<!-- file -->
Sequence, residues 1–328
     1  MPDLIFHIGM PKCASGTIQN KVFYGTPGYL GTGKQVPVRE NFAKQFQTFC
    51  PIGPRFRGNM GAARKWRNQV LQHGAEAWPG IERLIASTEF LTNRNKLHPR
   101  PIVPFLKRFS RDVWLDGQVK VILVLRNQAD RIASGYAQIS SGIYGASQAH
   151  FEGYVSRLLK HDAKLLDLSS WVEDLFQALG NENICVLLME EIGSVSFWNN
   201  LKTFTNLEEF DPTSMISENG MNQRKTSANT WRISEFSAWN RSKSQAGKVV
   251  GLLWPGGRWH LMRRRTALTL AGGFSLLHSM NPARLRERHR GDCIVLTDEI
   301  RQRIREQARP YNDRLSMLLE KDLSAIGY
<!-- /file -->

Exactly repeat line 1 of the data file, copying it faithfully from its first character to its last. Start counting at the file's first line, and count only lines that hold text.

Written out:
Sequence, residues 1–328